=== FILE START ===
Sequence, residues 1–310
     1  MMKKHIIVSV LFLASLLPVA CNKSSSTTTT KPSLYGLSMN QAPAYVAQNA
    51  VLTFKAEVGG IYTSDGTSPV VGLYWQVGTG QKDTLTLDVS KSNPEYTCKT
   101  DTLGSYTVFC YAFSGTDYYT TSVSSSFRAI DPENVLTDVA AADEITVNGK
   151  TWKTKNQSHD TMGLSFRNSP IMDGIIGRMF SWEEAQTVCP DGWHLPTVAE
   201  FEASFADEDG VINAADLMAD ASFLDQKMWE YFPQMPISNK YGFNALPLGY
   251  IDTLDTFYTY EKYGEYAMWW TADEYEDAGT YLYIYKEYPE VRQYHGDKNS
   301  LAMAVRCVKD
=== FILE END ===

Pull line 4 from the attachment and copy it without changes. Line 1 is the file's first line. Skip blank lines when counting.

   101  DTLGSYTVFC YAFSGTDYYT TSVSSSFRAI DPENVLTDVA AADEITVNGK